Our cities, our solutions and coding for Bangladesh
Bangladesh is rapidly changing, and we are facing new challenges every day in our urban spaces. We started BRACathon at the end of 2015, a competition to make mobile applications that could offer solutions for real social problems. Following its success, we complemented it with the Urban Innovation Challenge at the end of 2016, to engage young people to find urban social business models.
We spent this year incubating the five winning BRACathon apps, which cover solutions to problems ranging from tuberculosis to fire response. Incubation included prototyping, intensive mentoring and training, piloting - under the guidance of our leading development practitioners, promotion of the apps to increase their user bases, and connecting them to our programmatic work.
We launched the Urban Innovation Challenge in October, in partnership with Dhaka North City Corporation. We are offering seed support, bootcamps and coworking space to a new generation of innovators, and throwing our active support behind them to build the cities they want to live in. Participants will submit social business models as innovative solutions to specific urban problems in early 2017.
Globally, children from the poorest households are five times more like to be out of school than those from the wealthiest.
A key challenge for Bangladesh is to ensure quality education for all. Children who participate in quality early childhood programmes are less likely to repeat grades or drop out of school. Currently only 50% of students who enroll in first grade reach class 10. Dropout rates among girls in secondary school is particularly high.
Curricula, teaching approaches and examination systems at all levels lack critical thinking and analytical skills.
Our low-cost, scalable schooling model has made us the world’s largest private secular education provider. 1.1 million students are currently enrolled in our schools across eight countries in Asia and sub-Saharan Africa.
We firmly believe that girls’ education is one of the greatest catalysts for large-scale societal change, and our classrooms are always at least 50% girls. We also highly value diversity, with at least one child with a disability included in every classroom.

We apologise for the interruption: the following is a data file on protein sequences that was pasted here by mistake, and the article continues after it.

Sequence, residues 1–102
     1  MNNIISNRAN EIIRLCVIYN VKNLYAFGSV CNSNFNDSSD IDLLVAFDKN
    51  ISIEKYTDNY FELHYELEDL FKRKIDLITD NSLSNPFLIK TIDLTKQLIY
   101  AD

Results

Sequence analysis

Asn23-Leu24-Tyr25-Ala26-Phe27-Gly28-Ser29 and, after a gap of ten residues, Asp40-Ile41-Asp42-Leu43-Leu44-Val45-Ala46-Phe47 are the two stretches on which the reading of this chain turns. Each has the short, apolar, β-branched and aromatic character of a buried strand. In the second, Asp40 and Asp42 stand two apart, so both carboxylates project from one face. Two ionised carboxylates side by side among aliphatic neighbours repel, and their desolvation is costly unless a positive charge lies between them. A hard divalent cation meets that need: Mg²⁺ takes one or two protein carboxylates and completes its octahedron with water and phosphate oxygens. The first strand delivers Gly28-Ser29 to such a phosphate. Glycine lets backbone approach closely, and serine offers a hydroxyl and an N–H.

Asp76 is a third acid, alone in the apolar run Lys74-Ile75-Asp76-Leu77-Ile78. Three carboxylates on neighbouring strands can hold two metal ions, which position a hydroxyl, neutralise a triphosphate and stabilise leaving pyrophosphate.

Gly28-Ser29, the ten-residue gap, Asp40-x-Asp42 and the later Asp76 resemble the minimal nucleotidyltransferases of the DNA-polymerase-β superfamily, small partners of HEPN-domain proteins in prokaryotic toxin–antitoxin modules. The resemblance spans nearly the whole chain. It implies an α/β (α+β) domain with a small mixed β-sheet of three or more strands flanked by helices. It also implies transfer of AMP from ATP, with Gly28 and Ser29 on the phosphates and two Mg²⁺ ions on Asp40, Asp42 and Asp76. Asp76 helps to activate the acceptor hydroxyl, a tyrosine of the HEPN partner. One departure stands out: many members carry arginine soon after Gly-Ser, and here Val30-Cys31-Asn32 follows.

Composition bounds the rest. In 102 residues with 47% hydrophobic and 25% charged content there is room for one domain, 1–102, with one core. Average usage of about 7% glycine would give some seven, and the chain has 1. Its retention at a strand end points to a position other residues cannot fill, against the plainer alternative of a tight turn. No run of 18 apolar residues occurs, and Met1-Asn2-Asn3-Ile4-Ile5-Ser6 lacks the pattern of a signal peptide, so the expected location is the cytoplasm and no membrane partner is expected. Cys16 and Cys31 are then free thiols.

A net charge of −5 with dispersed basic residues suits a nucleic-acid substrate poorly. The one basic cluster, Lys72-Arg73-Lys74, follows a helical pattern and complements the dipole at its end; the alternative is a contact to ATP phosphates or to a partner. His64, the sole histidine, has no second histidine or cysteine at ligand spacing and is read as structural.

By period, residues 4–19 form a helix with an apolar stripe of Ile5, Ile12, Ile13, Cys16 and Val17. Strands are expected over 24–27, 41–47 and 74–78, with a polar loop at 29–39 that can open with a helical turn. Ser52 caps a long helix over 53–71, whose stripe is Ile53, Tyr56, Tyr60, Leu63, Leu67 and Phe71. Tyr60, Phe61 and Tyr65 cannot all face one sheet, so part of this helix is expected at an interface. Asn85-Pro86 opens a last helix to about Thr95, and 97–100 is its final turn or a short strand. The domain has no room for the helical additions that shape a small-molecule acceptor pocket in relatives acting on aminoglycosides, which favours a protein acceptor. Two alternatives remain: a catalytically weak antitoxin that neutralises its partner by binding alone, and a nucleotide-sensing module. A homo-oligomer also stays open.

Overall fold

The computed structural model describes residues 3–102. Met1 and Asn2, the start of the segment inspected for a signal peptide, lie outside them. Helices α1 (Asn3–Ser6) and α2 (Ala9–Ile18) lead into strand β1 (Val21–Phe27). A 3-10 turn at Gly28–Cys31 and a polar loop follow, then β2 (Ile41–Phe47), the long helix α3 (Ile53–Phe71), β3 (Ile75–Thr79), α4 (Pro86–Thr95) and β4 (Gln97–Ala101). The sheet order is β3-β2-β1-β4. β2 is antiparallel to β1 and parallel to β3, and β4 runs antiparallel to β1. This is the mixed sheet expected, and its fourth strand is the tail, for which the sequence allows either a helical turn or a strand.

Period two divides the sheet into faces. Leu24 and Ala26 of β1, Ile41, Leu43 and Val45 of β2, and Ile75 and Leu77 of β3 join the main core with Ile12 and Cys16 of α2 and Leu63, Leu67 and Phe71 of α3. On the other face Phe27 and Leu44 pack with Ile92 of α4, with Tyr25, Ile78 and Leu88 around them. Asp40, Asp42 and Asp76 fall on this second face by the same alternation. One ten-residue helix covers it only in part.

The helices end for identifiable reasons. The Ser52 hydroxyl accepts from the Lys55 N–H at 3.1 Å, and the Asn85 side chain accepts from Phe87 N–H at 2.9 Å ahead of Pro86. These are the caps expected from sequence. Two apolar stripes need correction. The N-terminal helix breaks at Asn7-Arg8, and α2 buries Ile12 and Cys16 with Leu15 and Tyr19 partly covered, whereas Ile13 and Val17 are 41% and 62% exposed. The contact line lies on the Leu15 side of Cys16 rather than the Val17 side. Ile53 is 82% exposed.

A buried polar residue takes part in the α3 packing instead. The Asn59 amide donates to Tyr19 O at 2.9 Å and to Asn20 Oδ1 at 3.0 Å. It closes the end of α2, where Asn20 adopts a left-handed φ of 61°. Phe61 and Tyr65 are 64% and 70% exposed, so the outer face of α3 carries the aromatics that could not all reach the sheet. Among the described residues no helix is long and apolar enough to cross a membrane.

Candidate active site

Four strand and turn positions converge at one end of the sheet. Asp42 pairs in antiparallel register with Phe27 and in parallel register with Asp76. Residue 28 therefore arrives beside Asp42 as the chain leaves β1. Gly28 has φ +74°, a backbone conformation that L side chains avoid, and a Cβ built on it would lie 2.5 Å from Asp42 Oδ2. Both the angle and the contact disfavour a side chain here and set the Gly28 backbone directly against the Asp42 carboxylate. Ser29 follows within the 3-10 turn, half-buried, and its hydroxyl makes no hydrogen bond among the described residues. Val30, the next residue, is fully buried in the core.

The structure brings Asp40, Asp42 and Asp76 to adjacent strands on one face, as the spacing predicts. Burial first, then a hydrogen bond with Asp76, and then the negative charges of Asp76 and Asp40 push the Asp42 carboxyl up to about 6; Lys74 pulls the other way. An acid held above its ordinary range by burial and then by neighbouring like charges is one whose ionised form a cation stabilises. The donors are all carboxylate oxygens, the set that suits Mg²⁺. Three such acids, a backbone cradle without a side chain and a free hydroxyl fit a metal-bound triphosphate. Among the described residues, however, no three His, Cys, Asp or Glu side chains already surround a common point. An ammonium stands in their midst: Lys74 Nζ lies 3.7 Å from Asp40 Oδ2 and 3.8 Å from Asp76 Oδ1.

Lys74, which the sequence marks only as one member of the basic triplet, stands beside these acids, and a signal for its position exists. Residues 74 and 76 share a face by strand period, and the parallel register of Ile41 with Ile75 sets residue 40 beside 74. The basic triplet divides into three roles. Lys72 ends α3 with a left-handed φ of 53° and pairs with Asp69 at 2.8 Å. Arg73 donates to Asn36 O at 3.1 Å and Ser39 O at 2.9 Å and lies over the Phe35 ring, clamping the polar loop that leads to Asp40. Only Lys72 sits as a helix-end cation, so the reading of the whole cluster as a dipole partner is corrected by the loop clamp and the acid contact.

We believe that generational cycles of poverty can be broken by ensuring that classroom learning is relevant to all. By teaching children to think for themselves, we inculcate an enterprising mindset. Our schools have allowed over 12 million children to grow up with opportunities that would have been unimaginable in previous decades.
We address educational needs from early childhood to tertiary level, including indigenous mother-tongue based curriculums for ethnic children. In secondary education, we support government schools with teacher training, libraries and computer aided learning. We provide scholarships, particularly in Bangladesh and Uganda, and schooling for especially hard-to-reach populations using boat schools in Bangladesh and the Philippines. Our youth interventions create safe spaces in communities for adolescents to socialise and learn valuable life skills, employable skills and access finance.
2016 was the final year of the 'Developing multimedia digital content based on primary curriculum' project, an initiative of the ICT division, in partnership with the Directorate of Primary Education and National Curriculum and Text Board, BRAC and Save the Children.
A total of 21 primary textbooks on five subjects (mathematics, Bangla, English, science and an introduction to Bangladesh and the world) were digitised. We led the digitisation of the content in 16 of the books.
All district primary education offices are now ensuring that children are using digital content in classrooms. The content has so far been downloaded over three million times. In Bangladesh, where one in every four people live below poverty line, but more than 80% use a mobile phone, the use of this digital learning content is expected to grow substantially.
A pilot initiative has started to understand the effectiveness and user-friendliness of the digital content in 30 schools across the country. The content will continue to be modified based on the feedback.
We are now partnering with the government and other non-governmental organisations to develop quality digital content for secondary level education.